The Nampa School District’s tentative labor agreement reflects the district’s reversing fortunes.
A year after the cash-strapped district imposed 14 unpaid furlough days to balance the budget, Nampa will reinstate all 14 days to the 2014-15 calendar. For teachers, this will restore lost wages; for parents and students, this equates to a beefed-up school calendar come fall.
Teachers will also get one personal day, and some teachers will get raises, based on experience, as the district is funding one “step” on the salary schedule.
But there is some give-and-take in the agreement. Employees will pick up more of their health insurance costs — and the district is getting rid of a well-liked plan that covered some employees at no out-of-pocket cost.
Here’s how the retooled health care plan breaks down:
- Nampa is dumping a plan that allowed some employees to sign up for insurance at no charge. There were strings attached; employees had to sign up for a high-deductible health care plan, and spouse and children were not eligible. Still, the no-cost plan was the most popular option the district offered, chosen by 540 of the 1,280 employees on the district insurance plan. Next year, all employees will pay at least $11.49 a month in premiums.
- Premiums will increase for all coverage plans. All told, employee health insurance costs are projected to go up to nearly $1.5 million, a 23.2 percent increase. The district’s share of costs will approach $8.4 million, a 1.8 percent increase.
- Deductibles will also increase, from $750 and $1,000 in 2013-14 to $1,000 and $2,000 in 2014-15.
While employees and the district absorb increased health care costs, the district will put some money back into staff time and salaries.
Reversing the furloughs — restoring 14 days for teaching and administrative staff, and five days for classified staff — will run about $2 million, district spokeswoman Allison Westfall said. Funding the step on the salary schedule costs about $400,000 she said.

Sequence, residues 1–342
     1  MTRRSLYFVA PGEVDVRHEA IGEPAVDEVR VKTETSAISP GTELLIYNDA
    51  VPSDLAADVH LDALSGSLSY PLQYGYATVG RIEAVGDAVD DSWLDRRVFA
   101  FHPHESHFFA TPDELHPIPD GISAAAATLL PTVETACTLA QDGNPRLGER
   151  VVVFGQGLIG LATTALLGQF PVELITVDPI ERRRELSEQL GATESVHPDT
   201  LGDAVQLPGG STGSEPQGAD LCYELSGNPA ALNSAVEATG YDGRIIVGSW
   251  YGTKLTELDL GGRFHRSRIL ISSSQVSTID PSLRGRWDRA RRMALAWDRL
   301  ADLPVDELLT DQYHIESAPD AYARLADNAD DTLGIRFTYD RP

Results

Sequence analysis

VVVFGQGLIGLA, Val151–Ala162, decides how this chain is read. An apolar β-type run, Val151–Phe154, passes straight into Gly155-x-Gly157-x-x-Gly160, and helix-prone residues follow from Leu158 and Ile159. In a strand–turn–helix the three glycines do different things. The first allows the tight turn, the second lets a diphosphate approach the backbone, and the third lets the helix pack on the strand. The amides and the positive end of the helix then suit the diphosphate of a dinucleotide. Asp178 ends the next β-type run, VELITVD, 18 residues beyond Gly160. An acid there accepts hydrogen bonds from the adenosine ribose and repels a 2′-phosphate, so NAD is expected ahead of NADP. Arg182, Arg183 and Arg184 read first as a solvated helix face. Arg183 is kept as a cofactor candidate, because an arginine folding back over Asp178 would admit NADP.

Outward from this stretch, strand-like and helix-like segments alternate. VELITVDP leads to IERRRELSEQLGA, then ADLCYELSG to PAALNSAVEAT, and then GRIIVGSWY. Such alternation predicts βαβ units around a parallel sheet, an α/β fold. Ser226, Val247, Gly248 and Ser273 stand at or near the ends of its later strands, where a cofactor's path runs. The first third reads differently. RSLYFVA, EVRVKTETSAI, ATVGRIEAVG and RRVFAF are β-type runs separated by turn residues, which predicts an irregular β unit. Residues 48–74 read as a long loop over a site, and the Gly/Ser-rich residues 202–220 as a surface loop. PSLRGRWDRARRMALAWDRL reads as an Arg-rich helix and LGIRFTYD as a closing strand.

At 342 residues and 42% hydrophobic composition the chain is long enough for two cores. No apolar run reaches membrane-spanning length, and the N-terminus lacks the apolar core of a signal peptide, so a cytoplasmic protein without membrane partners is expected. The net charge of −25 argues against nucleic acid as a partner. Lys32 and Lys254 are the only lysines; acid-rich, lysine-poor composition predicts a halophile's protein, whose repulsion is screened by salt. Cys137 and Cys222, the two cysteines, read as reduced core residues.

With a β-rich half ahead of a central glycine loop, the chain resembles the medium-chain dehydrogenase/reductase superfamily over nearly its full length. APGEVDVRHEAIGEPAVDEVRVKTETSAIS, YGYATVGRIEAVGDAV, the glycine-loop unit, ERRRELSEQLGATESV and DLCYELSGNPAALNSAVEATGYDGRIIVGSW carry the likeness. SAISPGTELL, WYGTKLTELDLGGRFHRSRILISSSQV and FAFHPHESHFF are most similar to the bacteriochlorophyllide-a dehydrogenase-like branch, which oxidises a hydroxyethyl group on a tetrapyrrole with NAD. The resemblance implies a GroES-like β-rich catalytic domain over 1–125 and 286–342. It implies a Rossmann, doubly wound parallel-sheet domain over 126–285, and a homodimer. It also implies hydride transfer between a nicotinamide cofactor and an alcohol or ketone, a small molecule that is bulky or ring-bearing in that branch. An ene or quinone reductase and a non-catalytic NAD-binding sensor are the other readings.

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Both sides praised the process.
“We appreciate the collaborative approach and the focus on keeping the interests of all our employees in mind,” interim Superintendent Pete Koehler said.
“While we would have like to see additional step movement funded, we appreciate that the district listened to our concerns and ideas,” said Pat Coffey, the Nampa Education Association’s lead negotiator.
The tone was not as upbeat during last year’s heated negotiations. Administrators pushed for the 14 unpaid furlough days to cut into a projected $3 million shortfall. The district imposed the furloughs over the objection of union negotiators.
With the tentative agreement, Nampa joins several other large districts that have settled contracts for 2014-15. Meridian, Boise, Vallivue, Caldwell and Idaho Falls are among the districts that have already come to terms.
Contracts expire statewide on June 30. The Nampa district will send out 2014-15 contracts on July 1, based on the tentative agreement. The NEA and the Nampa School Board are expected to vote on the deal in early July.